Bilal Danış (30), a former public servant in the western city of Izmir who was arrested in November 2016 and convicted on bogus terrorism charges, is being kept in prison despite a disability and suffering from gastric bleeding, Bold Medya reported.
According to his mother, Mukadder Danış, her son experiences constant stomach pain and bleeding, but his treatment has been put on hold for the past seven months because of the coronavirus pandemic. “He pleaded for help during our telephone conversation yesterday. None of the prison authorities are helping him, and his petitions are left unanswered,” she said. Danış is also disabled due to a traffic accident in 2010 in which he lost an arm.
Danış was dismissed from his job and arrested for alleged membership in the Gülen movement. The Turkish government accuses the movement, a religious group inspired by Turkish cleric Fethullah Gülen, of masterminding a coup attempt in July 2016 and labels it a terrorist organization. The movement strongly denies involvement in the coup attempt or any terrorist activity.
According to the Turkish criminal code, disabled prisoners are allowed parole in the last three years of their sentence. Danış, who will have been in prison for four years in November 2020, should be granted parole according to this law. However, the İzmir Katip Çelebi University Atatürk Research Hospital refuses to give him the necessary medical report for a parole application.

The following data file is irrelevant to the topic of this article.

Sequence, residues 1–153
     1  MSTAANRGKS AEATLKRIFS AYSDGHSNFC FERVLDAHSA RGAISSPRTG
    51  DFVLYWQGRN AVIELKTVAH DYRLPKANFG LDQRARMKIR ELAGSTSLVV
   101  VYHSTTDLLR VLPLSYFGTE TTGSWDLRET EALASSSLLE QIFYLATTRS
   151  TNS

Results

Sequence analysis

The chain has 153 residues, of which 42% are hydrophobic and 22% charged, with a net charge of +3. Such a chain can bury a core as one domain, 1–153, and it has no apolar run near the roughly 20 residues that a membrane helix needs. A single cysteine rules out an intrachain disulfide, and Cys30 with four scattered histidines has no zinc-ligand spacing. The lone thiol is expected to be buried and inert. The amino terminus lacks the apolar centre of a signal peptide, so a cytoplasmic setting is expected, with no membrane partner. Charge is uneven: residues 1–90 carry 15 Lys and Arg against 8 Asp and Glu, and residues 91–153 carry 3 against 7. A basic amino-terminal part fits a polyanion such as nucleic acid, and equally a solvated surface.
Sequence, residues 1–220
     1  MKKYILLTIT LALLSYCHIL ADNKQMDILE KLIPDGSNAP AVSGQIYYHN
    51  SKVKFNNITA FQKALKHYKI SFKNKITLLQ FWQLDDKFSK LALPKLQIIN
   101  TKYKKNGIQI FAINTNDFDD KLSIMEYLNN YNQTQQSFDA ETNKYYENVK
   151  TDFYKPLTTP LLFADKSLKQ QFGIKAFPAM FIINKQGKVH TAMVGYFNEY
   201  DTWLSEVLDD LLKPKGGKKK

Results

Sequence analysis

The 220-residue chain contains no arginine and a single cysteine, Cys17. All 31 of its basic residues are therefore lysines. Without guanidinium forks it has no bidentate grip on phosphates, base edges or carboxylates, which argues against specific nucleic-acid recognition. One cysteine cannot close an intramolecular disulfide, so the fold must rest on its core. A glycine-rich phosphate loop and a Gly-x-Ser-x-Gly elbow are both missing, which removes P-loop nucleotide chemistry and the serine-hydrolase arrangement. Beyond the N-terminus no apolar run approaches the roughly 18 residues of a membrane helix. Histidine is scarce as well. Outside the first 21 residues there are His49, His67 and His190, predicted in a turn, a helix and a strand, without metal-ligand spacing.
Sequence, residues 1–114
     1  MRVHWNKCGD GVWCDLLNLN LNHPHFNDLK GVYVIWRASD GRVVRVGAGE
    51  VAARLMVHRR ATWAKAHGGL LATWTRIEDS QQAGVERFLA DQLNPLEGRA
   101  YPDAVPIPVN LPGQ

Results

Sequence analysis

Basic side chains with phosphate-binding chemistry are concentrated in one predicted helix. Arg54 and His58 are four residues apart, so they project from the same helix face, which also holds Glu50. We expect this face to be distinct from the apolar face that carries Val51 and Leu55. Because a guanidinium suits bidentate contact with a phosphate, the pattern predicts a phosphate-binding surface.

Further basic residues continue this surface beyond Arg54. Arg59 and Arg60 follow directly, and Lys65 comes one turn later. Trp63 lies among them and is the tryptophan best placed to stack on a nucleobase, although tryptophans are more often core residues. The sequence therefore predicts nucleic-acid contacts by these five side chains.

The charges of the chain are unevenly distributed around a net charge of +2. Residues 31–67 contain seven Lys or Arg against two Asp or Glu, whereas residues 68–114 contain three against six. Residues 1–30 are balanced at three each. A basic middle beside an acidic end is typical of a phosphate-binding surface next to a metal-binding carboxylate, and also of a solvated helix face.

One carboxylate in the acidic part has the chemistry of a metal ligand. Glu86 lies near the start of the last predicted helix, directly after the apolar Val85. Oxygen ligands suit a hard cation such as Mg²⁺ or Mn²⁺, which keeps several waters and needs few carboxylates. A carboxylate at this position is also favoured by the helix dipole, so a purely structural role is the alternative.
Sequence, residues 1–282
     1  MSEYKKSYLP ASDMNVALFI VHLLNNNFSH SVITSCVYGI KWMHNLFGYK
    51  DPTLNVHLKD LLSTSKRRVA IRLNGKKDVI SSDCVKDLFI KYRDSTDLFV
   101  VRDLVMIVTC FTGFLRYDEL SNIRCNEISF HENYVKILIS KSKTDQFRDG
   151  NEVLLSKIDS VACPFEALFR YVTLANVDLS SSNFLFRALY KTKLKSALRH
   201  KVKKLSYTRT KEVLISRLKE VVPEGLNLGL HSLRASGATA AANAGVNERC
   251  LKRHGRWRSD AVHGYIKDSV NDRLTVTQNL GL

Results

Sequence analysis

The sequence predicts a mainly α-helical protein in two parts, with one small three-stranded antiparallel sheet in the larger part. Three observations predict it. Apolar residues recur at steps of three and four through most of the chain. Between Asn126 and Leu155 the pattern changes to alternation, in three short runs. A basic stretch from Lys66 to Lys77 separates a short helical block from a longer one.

Danış’s doctor said there were multiple polyps in his colon due to stress and that there was a risk the polyps could become cancerous. “He is in constant pain and is losing a lot of weight. He has not received treatment since March, and his health is steadily deteriorating,” said his mother.
The violation of prison inmates’ basic rights in Turkey is one of the topics raised frequently by activists and human rights defenders. According to the Human Rights Association (İHD), there are currently 1,605 sick prisoners in Turkish prisons, 604 of whom are critically ill. Although most of the seriously ill patients have forensic and medical reports deeming them unfit to remain in prison, they are not released. Authorities refuse to release them on the grounds that they pose a potential danger to society. In the first eight months of 2020, five critically ill prisoners passed away because they were not released in time to receive proper medical treatment.
Following the coup attempt, the Turkish government declared a state of emergency and launched a massive crackdown on followers of the Gülen movement under the pretext of an anti-coup fight. Over 540,000 people were detained on terrorism-related charges, more than 80,000 were arrested or imprisoned and over 150,000 public servants were summarily removed from their jobs.